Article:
Saturday, December 4, 2010

Art, Sacrilege, and Myrmidons

Ants on a crucifix I was watching John King's show on CNN the other night, and he had a segment about the recent hoo-raw concerning the National Portrait Gallery's exhibit concerning LGBT themes and artists, as well as works of art relating to AIDS.

One video seemed to draw criticism and ire from the Catholic League and some politicians. The video, "A Fire in my Belly," is a four-minute version of a longer video made by the artist David Wojnarowicz, who died of AIDS in 1992. The full exhibit, titled "Hide/Seek" contains nudity and graphic images with homoerotic themes, but what drew the most attention was one particular image in the video: ants crawling over a crucifix.

The president of the Catholic League, William Donohue, described it as "hate speech against Christians." I'm sorry to say that the curators of the museum bowed to pressure and pulled the video, although the remainder of the exhibit is still in place (with a warning that it contains mature themes).

Some politicians joined in condemning the exhibit. Both John Boehner and Eric Cantor decided to weigh in on it, wondering why taxpayers were funding such offensive images, although they apparently condemned it without actually making the trip to the Smithsonian to see it for themselves. One Congressman, Dan Lungren of California, sent a written statement to CNN in which he said that the Republicans plan to review the process by which the Smithsonian's exhibits are chosen.

The exhibit was privately funded; taxpayer money was used for the building facilities and maintenance, not the exhibit.

King interviewed Brent Bozell, the president of the Media Research Center, an organization whose goal is to "bring balance to the news media," which they believe has a liberal bias; also present was Blake Gopnik, the art critic for the Washington Post.

First of all, I would dearly love to smack that smug expression off of Bozell's face. Better yet, I'd like to grab that pen that he keeps gesturing with out of his hand and jam it into his eye socket. But I digress.

Bozell condemns not just the ant-covered crucifix, which he said was purposefully offensive to Christians, but also the entire exhibit, saying that if you like that sort of thing, you can find it in "some seedy art something somewhere." This is an exhibit that includes works from artists like Andy Warhol, Jasper Johns, and Annie Leibowitz. He seems to advocate cutting federal funding of the Smithsonian, if they are going to display exhibits such as this. When Gopnik tries to offer an alternative interpretation to the ant-covered crucifix, that it shows the suffering that Christ endured and compares it to the suffering that AIDS patients experience, Bozell brushes it off with a pshaw and a puh-eeze.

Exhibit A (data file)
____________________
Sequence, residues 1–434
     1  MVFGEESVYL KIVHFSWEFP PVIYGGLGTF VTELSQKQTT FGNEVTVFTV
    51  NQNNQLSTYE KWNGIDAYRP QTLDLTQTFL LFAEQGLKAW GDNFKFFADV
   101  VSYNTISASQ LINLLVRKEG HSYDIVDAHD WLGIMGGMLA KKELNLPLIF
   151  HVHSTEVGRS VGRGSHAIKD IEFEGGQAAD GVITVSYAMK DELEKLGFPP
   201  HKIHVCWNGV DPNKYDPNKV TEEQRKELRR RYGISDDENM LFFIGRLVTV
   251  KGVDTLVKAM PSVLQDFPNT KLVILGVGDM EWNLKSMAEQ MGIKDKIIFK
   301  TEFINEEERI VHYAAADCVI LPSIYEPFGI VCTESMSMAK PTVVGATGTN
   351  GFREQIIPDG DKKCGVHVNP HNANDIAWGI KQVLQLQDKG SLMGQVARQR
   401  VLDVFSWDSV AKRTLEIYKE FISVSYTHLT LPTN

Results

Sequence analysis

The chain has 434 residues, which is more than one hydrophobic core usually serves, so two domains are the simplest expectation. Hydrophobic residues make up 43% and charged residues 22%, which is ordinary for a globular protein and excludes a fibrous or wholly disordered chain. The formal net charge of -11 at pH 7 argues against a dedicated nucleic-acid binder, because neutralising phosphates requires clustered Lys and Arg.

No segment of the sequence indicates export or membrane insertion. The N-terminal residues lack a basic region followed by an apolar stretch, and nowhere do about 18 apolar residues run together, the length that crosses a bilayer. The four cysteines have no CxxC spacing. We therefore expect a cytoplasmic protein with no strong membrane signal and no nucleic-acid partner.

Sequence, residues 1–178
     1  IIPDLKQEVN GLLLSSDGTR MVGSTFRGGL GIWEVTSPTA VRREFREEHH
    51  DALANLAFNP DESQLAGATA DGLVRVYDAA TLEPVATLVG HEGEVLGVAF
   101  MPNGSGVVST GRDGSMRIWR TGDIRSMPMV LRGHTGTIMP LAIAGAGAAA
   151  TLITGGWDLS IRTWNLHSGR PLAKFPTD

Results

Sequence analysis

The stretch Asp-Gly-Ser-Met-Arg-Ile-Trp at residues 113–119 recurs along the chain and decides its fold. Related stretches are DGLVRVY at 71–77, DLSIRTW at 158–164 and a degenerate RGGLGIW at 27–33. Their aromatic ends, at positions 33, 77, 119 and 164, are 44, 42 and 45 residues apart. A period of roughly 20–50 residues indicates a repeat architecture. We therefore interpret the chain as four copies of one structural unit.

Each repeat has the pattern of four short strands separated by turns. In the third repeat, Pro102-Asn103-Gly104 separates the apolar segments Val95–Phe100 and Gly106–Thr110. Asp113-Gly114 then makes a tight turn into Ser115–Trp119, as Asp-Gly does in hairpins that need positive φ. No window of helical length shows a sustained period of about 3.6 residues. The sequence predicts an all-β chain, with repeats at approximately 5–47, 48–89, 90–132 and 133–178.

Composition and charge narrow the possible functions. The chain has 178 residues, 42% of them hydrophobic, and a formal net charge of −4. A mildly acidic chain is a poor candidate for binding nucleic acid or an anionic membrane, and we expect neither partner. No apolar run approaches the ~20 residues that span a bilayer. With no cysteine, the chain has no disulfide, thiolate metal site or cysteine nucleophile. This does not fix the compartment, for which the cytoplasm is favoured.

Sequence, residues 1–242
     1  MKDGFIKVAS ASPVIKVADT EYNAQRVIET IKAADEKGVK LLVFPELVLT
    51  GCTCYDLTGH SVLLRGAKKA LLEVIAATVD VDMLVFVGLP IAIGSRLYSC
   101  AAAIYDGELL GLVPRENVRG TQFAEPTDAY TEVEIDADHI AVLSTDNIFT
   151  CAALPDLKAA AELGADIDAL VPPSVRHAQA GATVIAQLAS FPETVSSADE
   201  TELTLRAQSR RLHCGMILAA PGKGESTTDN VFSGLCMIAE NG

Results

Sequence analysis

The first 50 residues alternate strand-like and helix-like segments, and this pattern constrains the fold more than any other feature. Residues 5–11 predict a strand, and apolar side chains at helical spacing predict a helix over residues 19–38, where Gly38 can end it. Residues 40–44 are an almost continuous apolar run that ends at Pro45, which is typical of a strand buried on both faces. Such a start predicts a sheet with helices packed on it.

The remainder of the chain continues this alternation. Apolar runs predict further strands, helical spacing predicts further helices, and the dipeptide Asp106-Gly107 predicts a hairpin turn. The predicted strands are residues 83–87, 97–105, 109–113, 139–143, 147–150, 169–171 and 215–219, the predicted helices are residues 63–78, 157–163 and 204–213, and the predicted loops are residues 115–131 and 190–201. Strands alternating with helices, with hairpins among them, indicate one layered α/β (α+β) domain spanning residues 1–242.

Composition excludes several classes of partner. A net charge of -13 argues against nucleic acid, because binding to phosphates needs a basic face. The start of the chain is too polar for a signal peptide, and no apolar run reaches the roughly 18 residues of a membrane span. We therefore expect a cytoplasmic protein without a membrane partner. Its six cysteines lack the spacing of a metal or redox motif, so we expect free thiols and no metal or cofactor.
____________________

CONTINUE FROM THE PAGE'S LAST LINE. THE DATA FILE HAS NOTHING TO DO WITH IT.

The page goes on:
Bozell condemns the image as sacrilegious, and Gopnik counters with "Who decides what is art?" In reading some of the comments included with the CNN story, some people raised the recent Mohammed controversy. Remember that? A Dutch cartoonist received death threats for his drawings of Mohammed. Trey Parker and Matt Stone were censored by Comedy Central for their South Park episode in which they depicted Mohammed. There was a national Draw Mohammed Day in which we all made our own little drawings or pictures and posted them. There were plenty of people who ridiculed Muslims for having such a rigid and unyielding faith that they were willing to kill others for making a drawing of their prophet...and the ridicule was rightly deserved, in my opinion. However, you can bet that plenty of those doing the ridiculing are also saying that an ant-covered crucifix is wrong and sacrilegious. Some are saying that "all religions should be respected." For the vast majority, I call bullshit. What they mean is "MY religion should be respected. I don't give a fuck about yours."

Kandinsky I'm not going to get into a theological debate about this, although there are elements of it involved. I think the broader point is Gopnik's: Who decides what is art? Art speaks to people in different ways. Do you like Jackson Pollock? Wasilly Kandinsky? Andy Warhol? Edward Hopper? Maxfield Parrish? Daniel Edwards? These are some of my favorites, but they're not for everyone. Some see nothing but paint trails in a Pollock; I see energy and excitement. Some see nothing but geometric shapes and squiggles from Kandinsky; I see exuberance and chaotic color. Some see obscenity in my friend Dan's sculptures; I see a biting statement on our fascination with celebrity.